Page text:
Warren Adler has achieved more than most writers could dream of—he has sold 12 of his books to the movies, including the blockbuster hit The War of the Roses. But at 84, he’s still hungry for more. “I have a tremendous need to keep writing. I’m not going to go into the wilderness without a fight,” he declares in a firm and steady voice that belies his octogenarian status. “A lot of guys that started out with me in publishing novels have disappeared from the scene,” he adds. “I’m like a long distance runner—I just keep at it.”

Adler’s 33rd book, The Serpent’s Bite (Stonehouse Press, dist. by Greenleaf Book Group), returns to the themes that earned Adler the title “the master of dysfunction.” Set in the isolated wilds of Yellowstone Park, an aging father, George Temple, embarks on a nostalgic horse trek to reconcile with his estranged adult children. George, a wealthy man, had cut them off financially after they squandered millions on massive failures.

What’s new about this book is the experimental approach Adler has taken to publish and market it—what he calls “an expensive experiment.” Adler is determined to find a better way to promote books. To that end, 12 years ago he established his own publishing company, Stonehouse Press, and bought back all his books from all his publishers (about 20 at the time). Now he’s going even further. For the publication of The Serpent’s Bite he has contracted with a trio of outside companies: Media Connect (formerly Planned Television Arts) for publicity, Verso Advertising for advertising, and BookLamp.org, an analytic search engine that matches readers to books.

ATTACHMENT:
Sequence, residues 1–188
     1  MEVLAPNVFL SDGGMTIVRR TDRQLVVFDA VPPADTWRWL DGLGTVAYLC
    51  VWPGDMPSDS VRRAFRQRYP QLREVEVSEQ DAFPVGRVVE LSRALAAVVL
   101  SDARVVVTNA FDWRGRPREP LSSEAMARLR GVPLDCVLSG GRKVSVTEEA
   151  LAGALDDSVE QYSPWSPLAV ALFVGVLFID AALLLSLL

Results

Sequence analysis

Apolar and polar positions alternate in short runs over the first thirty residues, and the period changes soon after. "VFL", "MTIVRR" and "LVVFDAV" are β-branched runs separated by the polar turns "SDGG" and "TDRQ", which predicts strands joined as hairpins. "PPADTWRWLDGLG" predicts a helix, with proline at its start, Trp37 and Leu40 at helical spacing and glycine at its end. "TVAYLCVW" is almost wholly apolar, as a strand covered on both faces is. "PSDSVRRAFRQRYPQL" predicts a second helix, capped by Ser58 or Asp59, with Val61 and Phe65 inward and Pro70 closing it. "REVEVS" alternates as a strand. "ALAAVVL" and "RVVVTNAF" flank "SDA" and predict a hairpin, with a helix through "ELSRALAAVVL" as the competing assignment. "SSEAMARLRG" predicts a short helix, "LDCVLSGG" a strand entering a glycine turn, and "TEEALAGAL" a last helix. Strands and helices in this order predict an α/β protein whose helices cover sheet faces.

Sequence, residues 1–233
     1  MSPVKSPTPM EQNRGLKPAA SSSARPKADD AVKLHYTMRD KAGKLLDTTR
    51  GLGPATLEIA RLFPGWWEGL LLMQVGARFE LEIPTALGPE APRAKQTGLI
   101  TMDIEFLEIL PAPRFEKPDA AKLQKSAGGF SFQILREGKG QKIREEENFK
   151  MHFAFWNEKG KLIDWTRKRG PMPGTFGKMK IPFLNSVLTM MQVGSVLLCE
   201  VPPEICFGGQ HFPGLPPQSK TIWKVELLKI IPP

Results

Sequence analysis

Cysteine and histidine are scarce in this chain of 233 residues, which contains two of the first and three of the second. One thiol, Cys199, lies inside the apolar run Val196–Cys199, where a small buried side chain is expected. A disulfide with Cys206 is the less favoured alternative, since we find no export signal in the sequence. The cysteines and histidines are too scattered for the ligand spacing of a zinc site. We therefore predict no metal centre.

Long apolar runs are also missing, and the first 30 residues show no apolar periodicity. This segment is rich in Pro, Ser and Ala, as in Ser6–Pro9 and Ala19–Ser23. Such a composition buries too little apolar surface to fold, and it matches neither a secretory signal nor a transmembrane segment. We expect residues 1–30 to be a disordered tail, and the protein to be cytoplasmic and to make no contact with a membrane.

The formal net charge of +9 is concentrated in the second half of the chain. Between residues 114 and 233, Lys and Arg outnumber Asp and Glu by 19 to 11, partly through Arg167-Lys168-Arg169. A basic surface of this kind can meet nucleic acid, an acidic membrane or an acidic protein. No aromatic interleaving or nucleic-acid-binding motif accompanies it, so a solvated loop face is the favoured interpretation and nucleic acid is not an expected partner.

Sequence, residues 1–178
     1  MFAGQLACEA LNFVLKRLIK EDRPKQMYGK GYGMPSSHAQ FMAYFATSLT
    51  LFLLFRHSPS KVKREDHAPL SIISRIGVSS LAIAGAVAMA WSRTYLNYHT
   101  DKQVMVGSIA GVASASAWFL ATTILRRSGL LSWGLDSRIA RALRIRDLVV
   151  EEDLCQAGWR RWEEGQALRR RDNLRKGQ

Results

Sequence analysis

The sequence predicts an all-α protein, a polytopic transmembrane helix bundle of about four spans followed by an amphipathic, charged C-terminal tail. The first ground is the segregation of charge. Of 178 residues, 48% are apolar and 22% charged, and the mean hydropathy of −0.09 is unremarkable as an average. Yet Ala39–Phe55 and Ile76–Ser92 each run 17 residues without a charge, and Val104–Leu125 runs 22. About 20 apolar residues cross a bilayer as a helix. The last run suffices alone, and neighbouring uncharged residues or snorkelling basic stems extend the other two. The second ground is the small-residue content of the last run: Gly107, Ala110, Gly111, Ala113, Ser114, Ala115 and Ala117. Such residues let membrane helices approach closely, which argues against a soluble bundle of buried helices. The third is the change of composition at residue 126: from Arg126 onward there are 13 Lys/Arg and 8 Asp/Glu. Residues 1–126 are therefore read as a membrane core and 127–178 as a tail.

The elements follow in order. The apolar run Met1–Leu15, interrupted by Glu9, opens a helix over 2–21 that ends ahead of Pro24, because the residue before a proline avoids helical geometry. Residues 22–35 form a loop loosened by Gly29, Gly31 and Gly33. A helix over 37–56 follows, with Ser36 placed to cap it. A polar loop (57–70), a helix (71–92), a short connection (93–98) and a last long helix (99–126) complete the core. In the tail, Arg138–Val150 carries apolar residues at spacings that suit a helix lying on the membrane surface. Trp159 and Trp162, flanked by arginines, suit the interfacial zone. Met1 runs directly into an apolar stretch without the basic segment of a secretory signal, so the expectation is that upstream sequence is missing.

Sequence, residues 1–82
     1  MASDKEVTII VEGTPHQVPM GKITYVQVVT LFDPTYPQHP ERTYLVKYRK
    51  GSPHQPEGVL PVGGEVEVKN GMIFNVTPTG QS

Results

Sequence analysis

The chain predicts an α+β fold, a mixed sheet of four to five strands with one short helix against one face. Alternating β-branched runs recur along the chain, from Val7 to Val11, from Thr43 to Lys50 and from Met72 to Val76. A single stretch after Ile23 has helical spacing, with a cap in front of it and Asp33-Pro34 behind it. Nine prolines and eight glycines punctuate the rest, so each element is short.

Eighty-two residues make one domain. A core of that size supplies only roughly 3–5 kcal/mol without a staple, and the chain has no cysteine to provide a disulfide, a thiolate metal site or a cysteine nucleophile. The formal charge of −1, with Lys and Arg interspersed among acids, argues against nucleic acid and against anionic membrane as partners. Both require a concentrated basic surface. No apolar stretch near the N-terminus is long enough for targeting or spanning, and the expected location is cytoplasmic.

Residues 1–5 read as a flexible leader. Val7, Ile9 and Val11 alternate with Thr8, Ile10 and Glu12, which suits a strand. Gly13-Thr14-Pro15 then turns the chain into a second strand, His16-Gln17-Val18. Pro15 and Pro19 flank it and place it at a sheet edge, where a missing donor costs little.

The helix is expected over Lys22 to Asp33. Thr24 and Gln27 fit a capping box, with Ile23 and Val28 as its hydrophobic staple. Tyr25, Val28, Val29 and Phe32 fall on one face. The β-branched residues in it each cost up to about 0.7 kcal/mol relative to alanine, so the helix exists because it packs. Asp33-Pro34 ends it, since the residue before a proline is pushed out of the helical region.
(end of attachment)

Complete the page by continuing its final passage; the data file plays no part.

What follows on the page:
Adler thinks it may be the first time an author has hired such an extensive team of outside parties. “I’m still trying to figure it out,” he says. “I’m not sure that I have the answer, but I sure as hell am trying.” Even here at BEA, Adler is combining the tried-and-true with the new. He is signing galleys of The Serpent’s Bite as well as doing an e-book signing with Autography.

Adler has never been afraid of new technologies. He calls himself “a big fan of electronic publishing” and gave one of the first talks about the new technology at the Las Vegas electronics show when the Sony Reader was introduced years ago. Then, a year and half ago, he tried a “weird experiment,” as he describes it. He published, electronically only, five novels simultaneously with Amazon. Although Adler describes the result as “frankly disappointing,” he was pleased that the experiment received a lot of publicity.

And maybe this book will land on the New York Times bestseller list, something that has heretofore eluded Adler. Asked if a quest for the Times list might be a motivating force for the full-court, $300,000 marketing campaign, his answer is an emphatic “no.” “I made plenty of dough—that’s not my issue. I’m after beyond my lifetime. I would love more and more people to read my books and see what I’m all about and why I think my books are, well, important. Otherwise, why write them?”